Robert Henry Mayberry, 67, the former owner of Mayberry's Towing and Automotive Repair Co. in Holland, died Tuesday in his home in Austin after a five-year battle with nonsmall-cell lung cancer.
When Pamela Solly, his youngest child and only daughter, was a little girl, she thought her father knew everyone.
"He would drive down the road and a car could not go by without somebody waving at him.
"He was like Holland's king," she said. "Everybody knew him. Everybody loved him."
Known for his warmth, honesty, and sense of humor, Mr. Mayberry accumulated and kept friends - and customers - with ease.
Gretchen Moffett, who used to take her car to Mayberry's, remembers her first visit to the shop. She watched Mr. Mayberry finish a conversation with an attractive woman and then lean across the counter and kiss the lady. Mrs. Moffett guessed it was his wife, but she couldn't resist a joke.
"So, do you treat all your female customers like that?" she asked. "And before I could do anything else, he reached across the counter, grabbed me by the shoulders, and gave me a big kiss."
Friends sent her to Mayberry's because he was known for his integrity.
"We had been told he treated women customers fairly, and didn't try to sell you things you didn't need," Mrs. Moffett of Swanton said.
"He was a really personable guy. And he took his time with your car, like you were his only customer."
John Yoder of Holland flew to Austin last week with another friend of Mr. Mayberry's to say good-bye. Every Friday for 50 years, he and Mr. Mayberry and four other men had dinner together.
"Bob Mayberry, you could trust him with your wallet."
"He knew so many people. He knew more people than anybody. He enjoyed a lot of conversation, and a lot of laughter."
He can't remember any longer how he met Mr. Mayberry, with whom he owned real estate, but he remembers the day 15 years ago when his friend met his wife, Diane Judah Mayberry.
"When he met her, she was laughing, and he said, 'You can't laugh and have more fun than I'm having. I'm laughing longer than you.' And that's how they met."
Mrs. Mayberry recalls the day he won her over. She was having dinner with girlfriends at a restaurant on Airport Highway. Mr. Mayberry, whom she knew from various political gatherings, sent over a bottle of champagne. Then he pulled up a chair.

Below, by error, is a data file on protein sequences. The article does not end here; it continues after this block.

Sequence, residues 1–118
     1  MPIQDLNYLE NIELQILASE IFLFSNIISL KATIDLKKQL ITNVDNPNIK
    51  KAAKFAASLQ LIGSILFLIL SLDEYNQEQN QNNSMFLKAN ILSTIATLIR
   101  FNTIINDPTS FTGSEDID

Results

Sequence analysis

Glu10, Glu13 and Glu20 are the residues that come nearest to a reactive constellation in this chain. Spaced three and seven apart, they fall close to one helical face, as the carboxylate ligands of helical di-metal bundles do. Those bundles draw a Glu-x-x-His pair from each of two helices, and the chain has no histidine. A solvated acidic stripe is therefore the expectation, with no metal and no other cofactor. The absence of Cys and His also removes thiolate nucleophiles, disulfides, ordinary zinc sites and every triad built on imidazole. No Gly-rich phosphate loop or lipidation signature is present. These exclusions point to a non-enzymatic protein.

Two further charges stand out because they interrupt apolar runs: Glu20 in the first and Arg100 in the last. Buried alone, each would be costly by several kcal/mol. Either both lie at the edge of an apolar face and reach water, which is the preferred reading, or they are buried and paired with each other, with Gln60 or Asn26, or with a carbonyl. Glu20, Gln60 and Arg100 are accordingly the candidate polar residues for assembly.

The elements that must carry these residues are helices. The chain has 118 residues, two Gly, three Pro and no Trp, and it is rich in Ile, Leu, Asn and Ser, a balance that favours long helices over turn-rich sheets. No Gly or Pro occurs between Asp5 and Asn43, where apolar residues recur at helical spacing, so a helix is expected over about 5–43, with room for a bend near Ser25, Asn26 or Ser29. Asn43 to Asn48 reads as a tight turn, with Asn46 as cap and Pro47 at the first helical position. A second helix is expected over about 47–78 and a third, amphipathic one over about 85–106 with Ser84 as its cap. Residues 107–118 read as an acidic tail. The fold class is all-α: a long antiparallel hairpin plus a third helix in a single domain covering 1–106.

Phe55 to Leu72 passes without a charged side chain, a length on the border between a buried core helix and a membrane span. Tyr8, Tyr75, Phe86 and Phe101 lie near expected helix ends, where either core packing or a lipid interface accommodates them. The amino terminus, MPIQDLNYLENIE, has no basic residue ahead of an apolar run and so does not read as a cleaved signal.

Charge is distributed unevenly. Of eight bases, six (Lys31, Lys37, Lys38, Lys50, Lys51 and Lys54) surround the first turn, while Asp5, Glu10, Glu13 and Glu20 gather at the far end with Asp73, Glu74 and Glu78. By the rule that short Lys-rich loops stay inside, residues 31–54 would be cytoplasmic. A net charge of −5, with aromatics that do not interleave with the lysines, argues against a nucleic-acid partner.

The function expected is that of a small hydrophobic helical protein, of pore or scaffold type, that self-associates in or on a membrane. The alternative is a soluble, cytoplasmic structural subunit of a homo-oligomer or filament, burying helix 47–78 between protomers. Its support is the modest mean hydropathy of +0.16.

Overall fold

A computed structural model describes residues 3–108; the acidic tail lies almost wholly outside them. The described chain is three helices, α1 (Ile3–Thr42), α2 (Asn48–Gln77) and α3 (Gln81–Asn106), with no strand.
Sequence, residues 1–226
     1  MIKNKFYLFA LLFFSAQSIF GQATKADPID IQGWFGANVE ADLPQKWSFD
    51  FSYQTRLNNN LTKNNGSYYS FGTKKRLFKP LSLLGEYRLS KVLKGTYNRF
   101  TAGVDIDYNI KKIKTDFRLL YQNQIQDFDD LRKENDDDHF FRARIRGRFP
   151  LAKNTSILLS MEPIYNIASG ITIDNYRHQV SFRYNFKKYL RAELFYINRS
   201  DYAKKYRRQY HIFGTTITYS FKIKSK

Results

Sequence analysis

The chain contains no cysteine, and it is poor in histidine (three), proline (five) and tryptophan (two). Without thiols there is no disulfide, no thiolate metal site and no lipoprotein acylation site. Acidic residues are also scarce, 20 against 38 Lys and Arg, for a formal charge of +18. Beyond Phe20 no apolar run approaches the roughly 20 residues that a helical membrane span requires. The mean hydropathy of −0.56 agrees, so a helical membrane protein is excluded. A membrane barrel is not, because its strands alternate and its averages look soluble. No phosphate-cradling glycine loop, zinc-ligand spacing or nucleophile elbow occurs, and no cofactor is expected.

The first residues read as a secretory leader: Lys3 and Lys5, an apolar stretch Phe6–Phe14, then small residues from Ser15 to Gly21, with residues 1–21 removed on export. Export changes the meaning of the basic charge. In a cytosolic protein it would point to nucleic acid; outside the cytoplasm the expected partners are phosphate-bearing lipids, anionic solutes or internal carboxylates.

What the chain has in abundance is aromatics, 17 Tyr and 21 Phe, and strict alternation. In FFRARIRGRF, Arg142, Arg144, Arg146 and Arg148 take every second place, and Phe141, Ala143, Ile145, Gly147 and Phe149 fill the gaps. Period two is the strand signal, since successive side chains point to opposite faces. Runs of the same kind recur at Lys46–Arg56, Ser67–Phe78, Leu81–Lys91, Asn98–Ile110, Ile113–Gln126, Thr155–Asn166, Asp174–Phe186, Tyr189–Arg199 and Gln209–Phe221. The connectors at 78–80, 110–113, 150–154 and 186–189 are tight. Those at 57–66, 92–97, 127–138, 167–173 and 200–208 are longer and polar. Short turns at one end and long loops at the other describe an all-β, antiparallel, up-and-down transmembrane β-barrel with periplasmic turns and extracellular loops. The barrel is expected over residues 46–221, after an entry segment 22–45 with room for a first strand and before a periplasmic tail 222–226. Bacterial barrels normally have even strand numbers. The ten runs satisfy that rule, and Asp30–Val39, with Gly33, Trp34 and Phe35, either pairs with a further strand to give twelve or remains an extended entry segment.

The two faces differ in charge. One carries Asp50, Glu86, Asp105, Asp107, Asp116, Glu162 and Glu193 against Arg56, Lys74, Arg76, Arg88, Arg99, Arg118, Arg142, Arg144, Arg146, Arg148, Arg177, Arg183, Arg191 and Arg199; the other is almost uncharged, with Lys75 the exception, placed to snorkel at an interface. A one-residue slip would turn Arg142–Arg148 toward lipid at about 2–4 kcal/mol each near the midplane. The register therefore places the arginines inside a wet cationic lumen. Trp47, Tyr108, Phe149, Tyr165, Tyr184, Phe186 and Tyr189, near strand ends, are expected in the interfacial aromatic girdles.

"That was it. That was it," she said.
"He was just very kind, considerate, and compassionate. Very comfortable in his own skin," Mrs. Mayberry said.
"I'm a very strong woman, and he had no problem dealing with that," she said. When her job took her to Austin, he pulled up stakes and relocated.
"He was the kind of man every businesswoman should be married to, because he was that supportive. He was my biggest cheerleader."
His daughter said his confidence in her gave her confidence: "The reason I'm strong is because of my dad. Knowing you have somebody on your side no matter what makes you a little fearless."
Sandy Harlow met Mr. Mayberry through his wife.
"The thing that stands out to me most about him is he was just so loyal to all his friends. Every time he came back to town, he got in touch with his classmates he went to Springfield High School with. They always made sure they had dinner together, like a class reunion."
Surviving are his wife, Diane Judah Mayberry; daughter, Pamela Solly; sons, Robert, Bradley, and Andrew; brothers, Ronald, Guy, Gary, Jimmy, Thomas, and Jack; sisters, Janice Sell, Judith Hicks, and Barbara Husley, and six grandchildren.
A memorial service will be 1 p.m. Friday in the Neville Funeral Home, 7438 Airport Hwy, Holland.
The family suggests tributes to the Anne Grady Center, Kidney Foundation of Northwest Ohio, or Odyssey Hospice of Austin.
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